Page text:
The Art of ElBulli’s Culinary Genius

Notebooks and menu drawings from ElBulli’s kitchen displayed in front of a mural of Ferran Adrià and staff in Roses, Spain in the most famous kitchen in the world. Courtesy: elBullifoundation, The Drawing Center

Notebooks and menu drawings from ElBulli’s kitchen displayed in front of a mural of Ferran Adrià and staff in Roses, Spain in the most famous kitchen in the world. Courtesy: elBullifoundation, The Drawing Center

If you weren’t able to visit the famed ElBulli restaurant on the coast of Spain before it closed two years ago, don’t worry. Pop down to Soho to meet the man, his team, and his legacy through The Drawing Center’s provocative show, Ferran Adrià: Notes on Creativity, running through February 28.

Even if you can’t taste the world-renowned creations, you’ll feel as though you’ve entered his kitchen during the six months per year that his team worked on R&D through up-close looks at experiments, plating, techniques, codes, inventions, and graphic treatises. Take a look at the installation on our Flickr feed.

Close-up of large working board of photo and diagrams document the plating and components of each dish. Courtesy: elBullifoundation

Close-up of large working board of photo and diagrams document the plating and components of each dish. Courtesy: elBullifoundation

Last weekend, the Wooster Street space was jammed with visitors eager to see glimpse the genius behind the magic of the famed elBulli – notebooks filled with diagrams of exacting platings of food, a room inside the gallery evoking elBulli’s Barcelona archive, huge storyboards pinned with drawings and photographs of artist-inspired dishes, and glass-topped tables containing inventions that created some of the most amazing food–art in the world.

Examples: the apparatus that turns cheese into “spaghetti”, the glass bowls used to serve diners “edible air”, or the cocktail device that literally sprays a dry martini right into a diner’s mouth.

240 plasticine models used to standardize recreation of the sizes and shapes of various portions of food used as components in his highly inventive, artistic dishes. Courtesy: elBullifoundation, The Drawing Center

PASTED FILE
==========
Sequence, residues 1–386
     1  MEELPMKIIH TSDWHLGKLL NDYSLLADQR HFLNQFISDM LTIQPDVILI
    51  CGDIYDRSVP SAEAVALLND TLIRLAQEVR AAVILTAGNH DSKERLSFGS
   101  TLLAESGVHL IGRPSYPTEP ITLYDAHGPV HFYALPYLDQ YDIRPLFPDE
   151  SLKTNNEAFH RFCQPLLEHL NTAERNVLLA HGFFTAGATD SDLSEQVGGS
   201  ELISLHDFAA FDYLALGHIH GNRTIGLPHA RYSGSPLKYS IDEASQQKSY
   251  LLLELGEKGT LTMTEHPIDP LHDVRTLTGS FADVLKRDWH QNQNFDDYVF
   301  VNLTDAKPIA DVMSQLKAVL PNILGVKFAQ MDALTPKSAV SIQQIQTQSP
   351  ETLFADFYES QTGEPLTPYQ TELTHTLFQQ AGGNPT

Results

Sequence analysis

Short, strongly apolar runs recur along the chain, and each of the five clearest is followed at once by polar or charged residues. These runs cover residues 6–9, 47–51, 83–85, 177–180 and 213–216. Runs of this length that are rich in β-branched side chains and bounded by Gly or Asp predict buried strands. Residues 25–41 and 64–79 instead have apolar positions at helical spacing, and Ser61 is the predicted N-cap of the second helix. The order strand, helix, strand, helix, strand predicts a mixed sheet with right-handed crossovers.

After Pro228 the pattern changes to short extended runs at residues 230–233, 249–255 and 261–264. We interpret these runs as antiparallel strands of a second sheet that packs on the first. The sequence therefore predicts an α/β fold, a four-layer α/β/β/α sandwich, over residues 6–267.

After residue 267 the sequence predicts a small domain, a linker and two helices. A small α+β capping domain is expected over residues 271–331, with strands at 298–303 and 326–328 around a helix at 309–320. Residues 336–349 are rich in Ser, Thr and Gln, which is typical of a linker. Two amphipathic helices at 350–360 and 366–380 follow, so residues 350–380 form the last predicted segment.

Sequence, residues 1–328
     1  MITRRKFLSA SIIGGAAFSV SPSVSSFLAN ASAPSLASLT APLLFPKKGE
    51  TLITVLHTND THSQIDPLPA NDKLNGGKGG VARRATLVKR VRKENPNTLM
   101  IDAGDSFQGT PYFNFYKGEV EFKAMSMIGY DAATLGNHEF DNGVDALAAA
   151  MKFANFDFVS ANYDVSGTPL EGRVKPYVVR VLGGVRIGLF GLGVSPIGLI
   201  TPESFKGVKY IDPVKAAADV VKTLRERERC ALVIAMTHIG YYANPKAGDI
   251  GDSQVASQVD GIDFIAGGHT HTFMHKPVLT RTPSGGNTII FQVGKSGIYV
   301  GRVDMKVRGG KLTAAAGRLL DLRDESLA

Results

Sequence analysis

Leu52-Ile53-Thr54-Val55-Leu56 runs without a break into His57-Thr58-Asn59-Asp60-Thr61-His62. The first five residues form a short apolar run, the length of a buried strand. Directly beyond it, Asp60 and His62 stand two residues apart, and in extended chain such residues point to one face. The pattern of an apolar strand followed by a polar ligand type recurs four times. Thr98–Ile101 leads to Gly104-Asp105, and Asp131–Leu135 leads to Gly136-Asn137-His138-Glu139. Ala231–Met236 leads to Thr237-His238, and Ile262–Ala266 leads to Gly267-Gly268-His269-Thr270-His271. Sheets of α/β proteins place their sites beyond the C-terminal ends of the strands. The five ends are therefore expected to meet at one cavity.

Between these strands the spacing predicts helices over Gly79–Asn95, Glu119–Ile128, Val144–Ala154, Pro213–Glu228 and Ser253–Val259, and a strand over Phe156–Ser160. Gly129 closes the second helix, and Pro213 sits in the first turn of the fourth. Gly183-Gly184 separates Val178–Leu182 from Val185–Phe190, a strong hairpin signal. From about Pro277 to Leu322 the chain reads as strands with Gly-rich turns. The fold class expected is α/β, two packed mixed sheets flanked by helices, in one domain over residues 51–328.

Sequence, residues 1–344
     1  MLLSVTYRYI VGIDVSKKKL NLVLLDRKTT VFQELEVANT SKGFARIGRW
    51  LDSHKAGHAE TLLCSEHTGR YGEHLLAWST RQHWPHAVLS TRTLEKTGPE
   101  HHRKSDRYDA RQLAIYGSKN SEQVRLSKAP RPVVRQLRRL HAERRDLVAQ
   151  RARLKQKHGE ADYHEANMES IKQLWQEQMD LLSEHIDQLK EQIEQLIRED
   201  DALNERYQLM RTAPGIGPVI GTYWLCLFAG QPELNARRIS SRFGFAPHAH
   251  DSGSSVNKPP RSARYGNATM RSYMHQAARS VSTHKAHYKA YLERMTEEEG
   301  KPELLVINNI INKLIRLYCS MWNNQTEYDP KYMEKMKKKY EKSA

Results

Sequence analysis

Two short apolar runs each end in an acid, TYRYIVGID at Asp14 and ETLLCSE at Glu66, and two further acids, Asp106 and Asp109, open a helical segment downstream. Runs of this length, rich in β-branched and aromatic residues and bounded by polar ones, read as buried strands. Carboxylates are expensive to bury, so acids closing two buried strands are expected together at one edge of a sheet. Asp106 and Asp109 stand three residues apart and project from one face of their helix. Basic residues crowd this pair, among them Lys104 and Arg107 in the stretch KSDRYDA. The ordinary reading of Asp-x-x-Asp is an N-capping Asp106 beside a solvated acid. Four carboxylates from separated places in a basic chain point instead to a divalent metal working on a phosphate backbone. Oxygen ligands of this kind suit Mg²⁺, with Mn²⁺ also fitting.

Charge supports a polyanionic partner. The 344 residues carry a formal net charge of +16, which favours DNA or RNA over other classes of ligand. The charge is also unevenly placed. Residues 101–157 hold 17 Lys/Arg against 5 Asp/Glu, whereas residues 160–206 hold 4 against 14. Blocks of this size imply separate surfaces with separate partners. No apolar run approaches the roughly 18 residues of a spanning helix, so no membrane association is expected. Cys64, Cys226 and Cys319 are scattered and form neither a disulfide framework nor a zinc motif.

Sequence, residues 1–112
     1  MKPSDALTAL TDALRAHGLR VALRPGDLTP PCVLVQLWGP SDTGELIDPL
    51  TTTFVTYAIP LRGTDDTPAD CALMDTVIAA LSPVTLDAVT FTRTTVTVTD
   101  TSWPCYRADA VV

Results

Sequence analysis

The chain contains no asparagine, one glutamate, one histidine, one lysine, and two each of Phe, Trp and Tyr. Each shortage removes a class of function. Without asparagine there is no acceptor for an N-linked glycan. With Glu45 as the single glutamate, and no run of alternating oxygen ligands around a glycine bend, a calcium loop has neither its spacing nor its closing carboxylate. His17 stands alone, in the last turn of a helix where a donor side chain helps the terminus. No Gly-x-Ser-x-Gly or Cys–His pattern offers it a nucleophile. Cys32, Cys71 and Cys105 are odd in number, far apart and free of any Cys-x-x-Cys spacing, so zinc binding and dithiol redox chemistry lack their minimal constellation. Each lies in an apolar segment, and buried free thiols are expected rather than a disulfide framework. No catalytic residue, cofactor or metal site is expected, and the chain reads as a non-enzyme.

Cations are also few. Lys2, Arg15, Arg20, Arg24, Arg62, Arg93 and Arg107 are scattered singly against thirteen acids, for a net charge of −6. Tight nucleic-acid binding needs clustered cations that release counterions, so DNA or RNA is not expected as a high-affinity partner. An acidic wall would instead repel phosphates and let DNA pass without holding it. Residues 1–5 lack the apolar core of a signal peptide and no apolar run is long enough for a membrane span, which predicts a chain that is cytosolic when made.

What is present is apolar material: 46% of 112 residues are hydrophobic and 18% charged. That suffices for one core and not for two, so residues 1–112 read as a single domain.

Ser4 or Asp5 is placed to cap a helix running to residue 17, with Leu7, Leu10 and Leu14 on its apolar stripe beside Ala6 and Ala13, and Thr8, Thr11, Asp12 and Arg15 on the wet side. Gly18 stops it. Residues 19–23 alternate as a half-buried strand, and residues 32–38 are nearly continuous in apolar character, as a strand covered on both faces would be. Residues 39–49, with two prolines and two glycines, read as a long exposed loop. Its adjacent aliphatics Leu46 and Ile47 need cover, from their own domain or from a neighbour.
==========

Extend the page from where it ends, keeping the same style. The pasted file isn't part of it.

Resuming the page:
240 plasticine models used by staff to recreate precise shapes and portions of artistic dish components.

And how do you keep the beautiful dishes consistent? By making little plastic sculptures so that the kitchen crew knows how to duplicate forms for delicate platings precisely on everyone’s plate. When you’re delivering identical 40-course dinners to guests who have flown halfway around the world to join you for dinner, precision counts.

Improvisation may have happened during the six months of the year that elBulli shut down to devote itself to R&D, but not so much during dining-season crunch time. Just look at the large wall drawing that Adrià sketched for this show — Map of the Creative Process: Decoding the Genome of Creativity. Organization is key.

Last weekend, there were no empty seats in the downstairs video viewing gallery, as visitors sat mesmerized by 1846, the 90-minute film co-produced by The Drawing Center, showing every dish Adriá ever served at elBulli (1987 – 2011).

Plasticine model of the 1994 Le Menestra dish composed only of textures, including cauliflower mousse, basil jelly, almond sorbet, avocado, and numerous other components. Courtesy: elBullifoundation

Plasticine model of the 1994 Le Menestra dish composed only of textures, including cauliflower mousse, basil jelly, almond sorbet, avocado, and numerous other components.

Photos of gorgeous, glistening food on plates, rocks, and wood lilted by to an opera soundtrack punctuated by the sounds of water lapping on the shore near the restaurant.  Plates of vegetables, seafood slices, sprigs, and flowers wafted by. What are those spoons filled with? What appeared to be “hatching” out of that egg? What was the egg? What was perching on a stalk like an insect? The effect made you feel as if you were seeing life on Earth evolve…biomorphic shapes surrounded by foam.

You could tell that these art-and-food lovers had absorbed the exhibit upstairs when there was a collective gasp of recognition when the real-life version of La Menestra (accurately and lovingly represented in plascticene upstairs) floated onto the screen.

Since he shut the most desired and famous restaurant in the world, Adrià has been hard at work making sure that his thoughts, processes, philosophy, and research were well documented and translated to digital form. Although it’s still in beta, he’s incorporating it all into an online encyclopedia of gastronomic knowledge.

Kudos to Brett Littman and his team at The Drawing Center for mounting a show that pays tribute to food-as-art and shows us how creativity, inspiration, and documentation (in the hands of an genius, or team of geniuses) can turn experiments in a kitchen on a small Spanish seaside cove into a global digital export of wisdom and innovation for the next generation of chefs.

Take a look at Bullifoundation’s promo video to see what’s in store:

Happily, this show is going on the road in the United States before it leaves for The Netherlands in 2016:  See it at the ACE Museum in LA (May 4-July 31), Museum of Contemporary Art in Cleveland (September 26-January 18, 2015), or Minneapolis Institute of Art (September 17, 2015-January 3, 2016).

Here’s a link to Documenting Documenta, a 2011 film about Adrià’s life, inspiration, work, and participation in Documenta 12, an international cultural festival in Kassel, Germany that happens every five years.

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